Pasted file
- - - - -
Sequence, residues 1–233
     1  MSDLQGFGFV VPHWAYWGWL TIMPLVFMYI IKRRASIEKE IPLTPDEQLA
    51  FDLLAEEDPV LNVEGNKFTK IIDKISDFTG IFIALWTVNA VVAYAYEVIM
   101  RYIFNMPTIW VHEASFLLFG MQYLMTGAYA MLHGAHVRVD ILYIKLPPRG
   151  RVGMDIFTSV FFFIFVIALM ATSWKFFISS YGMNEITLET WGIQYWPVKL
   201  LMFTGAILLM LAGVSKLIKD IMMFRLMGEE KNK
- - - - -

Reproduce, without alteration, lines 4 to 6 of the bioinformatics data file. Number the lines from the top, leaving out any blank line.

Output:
   101  RYIFNMPTIW VHEASFLLFG MQYLMTGAYA MLHGAHVRVD ILYIKLPPRG
   151  RVGMDIFTSV FFFIFVIALM ATSWKFFISS YGMNEITLET WGIQYWPVKL
   201  LMFTGAILLM LAGVSKLIKD IMMFRLMGEE KNK